where $ mathbf {B} $ It is a unitary matrix. What is the variance of $ y2?

Explanation: Boldface represents the vector or matrix. $ ( mathbf {B} mathbf {x}) (i) $ represents the $ i $-th vector entry $ mathbf {B} mathbf {x} $.

probability – variance of a fair currency

Consider that Vamshi decides to throw a fair coin repeatedly until he gets a tail. He does almost $ 4 $ draws.The value of the variance $ T $ is ______


I have tried this standard deviation in student marks

$ x —– 1 —– 2 —— 3 —– 4 $

$ P (x) —- frac {1} {2} —– frac {1} {4} —— frac {1} {8} —- frac {1} {16} $

The average is $ frac {1} {4} left ( frac {1} {2} + frac {1} {2 ^ 2} + frac {1} {2 ^ 3} + frac { 1} {2 ^ {} right) = frac {15} {64} $

Then, the variance will be,

$ frac {1} {4} left ( left ( frac {15} {64} – frac {1} {2} right) ^ {2} + left ( frac {15} {64 } – frac {1} {4} right) ^ {2} + left ( frac {15} {64} – frac {1} {8} right) ^ {2} + left ( frac {15} {64} – frac {1} {16} right) ^ {2} right) = $$ frac {460} {16384} $


But the answer is like that.

$ E left (X ^ { right) = 1 ^ {2} times frac {1} {2} + 2 ^ {2} times frac {1} {4} + 3 ^ {2 } times frac {1} {8} + 4 ^ 2 times frac {1} {16} $

$ E left (X right) = 1 times frac {1} {2} +2 times frac {1} {4} +3 times frac {1} {8} +4 times frac {1} {16} $

$ V left (X right) = E left (X ^ {2} right) – left (E left (X right) right) ^ {2} $$ = frac {252} { 256} $


Why is my approach giving incorrect results?

probability – the variance of a sample from a normal population

Please consider the problem and my solution below. I agree with the answer in the back of the book, but somehow, my solution does not seem right to me. I did
Do it the right way?
Move

Issue:
A normal population has a variation of $ 15 $. If samples of size $ 5 $ are extracted from this population, which
you can expect the percentage to have variations (a) less than $ 10 $?
$ 10 $?

Reply:

Leave $ S ^ 2 $ be the variance of the sample and $ n $ be the size of the sample The expression $ nS ^ 2 / sigma ^ 2 $ will have a chi-square distribution with $ 4 $ degrees of freedom.
begin {align *}
sigma ^ 2 & = 15 \
frac {nS ^ 2} { sigma ^ 2} & = frac {5S ^ 2} {15} = frac {S ^ 2} {3} \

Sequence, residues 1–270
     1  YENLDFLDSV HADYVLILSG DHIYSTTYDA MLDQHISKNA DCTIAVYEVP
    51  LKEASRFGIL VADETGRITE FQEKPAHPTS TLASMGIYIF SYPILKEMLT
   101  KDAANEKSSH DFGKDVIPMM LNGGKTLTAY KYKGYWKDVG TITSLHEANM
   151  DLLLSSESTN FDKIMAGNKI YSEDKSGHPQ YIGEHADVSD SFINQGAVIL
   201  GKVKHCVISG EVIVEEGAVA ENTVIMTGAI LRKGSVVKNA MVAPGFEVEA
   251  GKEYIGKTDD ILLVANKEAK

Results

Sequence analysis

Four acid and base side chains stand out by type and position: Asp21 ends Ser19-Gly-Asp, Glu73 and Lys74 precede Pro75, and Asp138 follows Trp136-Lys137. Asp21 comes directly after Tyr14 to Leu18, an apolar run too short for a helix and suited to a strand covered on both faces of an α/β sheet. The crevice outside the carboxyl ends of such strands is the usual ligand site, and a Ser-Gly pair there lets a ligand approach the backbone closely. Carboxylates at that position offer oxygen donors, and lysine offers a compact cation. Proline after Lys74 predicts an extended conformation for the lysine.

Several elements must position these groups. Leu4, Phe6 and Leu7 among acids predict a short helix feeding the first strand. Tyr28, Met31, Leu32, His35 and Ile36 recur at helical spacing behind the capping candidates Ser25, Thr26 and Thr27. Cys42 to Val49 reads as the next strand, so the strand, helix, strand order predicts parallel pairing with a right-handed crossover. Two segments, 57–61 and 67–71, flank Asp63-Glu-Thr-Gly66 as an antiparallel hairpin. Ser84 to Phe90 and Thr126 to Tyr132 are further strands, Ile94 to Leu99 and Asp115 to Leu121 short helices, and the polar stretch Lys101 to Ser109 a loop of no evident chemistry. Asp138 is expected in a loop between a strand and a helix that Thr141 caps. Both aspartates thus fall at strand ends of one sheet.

S ^ 2 & = 10 \
frac {nS ^ 2} { sigma ^ 2} & = 10/3 \
end {align *}

Using R we find:
pchisq (10/3, df = 4) = 0.496
Therefore the answer is $ 0.496.

probability: variance of the point product of a random binary vector and a constant vector

Leave $ q in mathbb {R} ^ N $ and Z a random binary vector s.t. The sum of its elements is n.
The variance of the statistics. $ Z cdot q = sum ^ N i = 1} Z_i q_i $ It should be $ frac {N-n} {N-1} times n times frac { sum ^ N _ {i = 1} (q_i – bar q) ^ 2} {N} $However, I do not understand how to achieve this equality.
What I do know is that

  1. $ E[Zcdot q] = n bar q $
  2. $ P[Z_i =1, Z_j =1] = frac {n (n-1)} {N (N-1)} $

I also got to this: $ Z cdot q = sum ^ N_ {i = 1} (q_i – bar q) ^ 2 frac {n-1} {N ^ 2} + sum ^ N_ {j = 1} sum ^ N k = 1, k neq j} (q_j – bar q) (q_k – bar q) frac {n} {N} ( frac {n-1} {N-1} – frac {n} {N}) $
but I do not know how to simplify this expression even further. Can someone help me, please?

non-linear optimization: a unit vector that maximizes variance in a discrete probability distribution

This could be a silly question, but I was working on a problem and found the following (sub) problem.

Suppose we have a non-negative vector $ pi in mathbf {R} ^ n $ what satisfies $ sum_ {i = 1} ^ n pi_i = 1 $, that is, it is a discrete probability density. We want to choose a unit vector. $ v in mathbf {R} ^ n $, $ | v | = 1 $, where $ | cdot | $ It is the Euclidean norm, such that "variance".